Analysis: Scotland v Afghanistan

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There was a period during the second ODI on Wednesday at The Grange where Scotland seemed to have the swashbuckling derring-do to record a morale-boosting victory over Afghanistan.

Chasing a D/L target of 211 from 36 overs, the home fans who witnessed this pivotal contest were initially discomfited when Kyle Coetzer departed for a duck.

Yet, for a while thereafter, the Edinburgh venue reverberated to loud cheers as Craig Wallace and Matthew Cross produced some sparkling pyrotechnics.

At the outset, the required rate had been a run a ball. But the north-east duo, and Wallace in particular, soon made that seem paltry.

The Forfarshire batsman, who has been in prolific form all summer, had no fear of the Afghanistan attack. On the contrary, he left his opponents feeling bewitched, bothered and bewildered with a series of coruscating shots, including three fours and the same number of maximums.

By the start of the sixth over, the hosts had reached 50 and were motoring at around 10 an over. But sadly, in a pattern which has become wearily familiar to those who follow Scotland, the wheels fell off.
In the space of a few deliveries, both Wallace and Cross were removed for the sort of entertaining cameos which help teams without propelling them over the finishing line.

Afghanistan, in contrast, have produced players who can push on and attain genuinely significant scores, Rahmat Shah struck 100 not out and Najibullah Zadran 89 not out in the first rain-truncated contest between the Associate rivals on Monday.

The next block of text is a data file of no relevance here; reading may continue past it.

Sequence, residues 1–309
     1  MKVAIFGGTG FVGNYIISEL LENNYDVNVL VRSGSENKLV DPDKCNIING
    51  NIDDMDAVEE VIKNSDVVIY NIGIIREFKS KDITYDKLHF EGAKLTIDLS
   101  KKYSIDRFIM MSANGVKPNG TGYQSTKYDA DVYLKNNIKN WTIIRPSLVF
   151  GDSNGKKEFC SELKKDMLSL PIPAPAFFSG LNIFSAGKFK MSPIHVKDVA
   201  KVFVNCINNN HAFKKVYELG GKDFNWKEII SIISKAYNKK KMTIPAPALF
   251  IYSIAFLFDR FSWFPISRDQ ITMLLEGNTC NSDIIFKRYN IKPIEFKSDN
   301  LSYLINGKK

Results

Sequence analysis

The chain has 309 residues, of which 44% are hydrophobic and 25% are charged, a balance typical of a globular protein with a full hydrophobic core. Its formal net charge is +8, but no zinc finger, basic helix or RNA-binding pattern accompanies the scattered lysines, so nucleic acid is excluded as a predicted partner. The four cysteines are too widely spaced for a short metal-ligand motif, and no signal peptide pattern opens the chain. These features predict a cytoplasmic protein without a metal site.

And Mohammad Shahzad chipped in with a typically belligerent 84 in the second tussle, which steered his charges to 178 for 6, prior to the arrival of the bad weather which has blighted June and July’s schedule.
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At the midway point, both sets of personnel were quietly confident. Brad Wheal’s bowling had impressed and Con De Lange’s fielding was outstanding.

But, with the exception of Wallace and Cross – and they almost sound like the perfect Scottish memorial – there was just nothing in the tank from the Scots.

Preston Mommsen took 17 balls to advance to 13. Richie Berrington, who can be so potent at his best, struggled to find his rhythm against the varied Afghanistan line-up and only managed 19 from 38 deliveries.

Slowly, but with a sense of inexorability, the breath was strangled out of Scotland and they eventually collapsed in a heap. 86 for 3 in the 13th over became 132 all out at the start of the 28th when Con de Lange finally exited for 20.

And the fact that the wickets were shared among five different bowlers – with three for Mohammad Nabi, braces for Dawlat Zadran, Shapoor Zadran and Rashid Khan and one for Mirwais Ashraf – told its own story.

Namely, that Asghar Stanikzai’s rising stars have performed in enough of these ODI encounters to be able to turn things around to their advantage. They are gaining experience and the knack of winning, whereas Scotland keep flattering to deceive.

Over the course of the series, the visitors have proved they can go through the gears in impressive fashion. Shah and Zadran pounced on the feeble Scottish attack on Monday, depositing the bowlers to all parts of the ground with 103 in just eight overs.

It was a reminder that they have momentum – and ICC money – on their side at the moment. Scotland, although they have plenty of talented youngsters – and it beggars belief Mark Watt didn’t appear in either match – are lacking in these areas.

One wonders where coach, Grant Bradburn, goes from here. In anybody’s terms, he hasn’t delivered any meaningful victories since he arrived in the role.

And now there is a break of over a month before the UAE arrive in Aberdeen.

Ultimately, all that matters is victory. And, with the exception of a win over lowly-ranked Hong Kong in March, the balance sheet is a very poor state.

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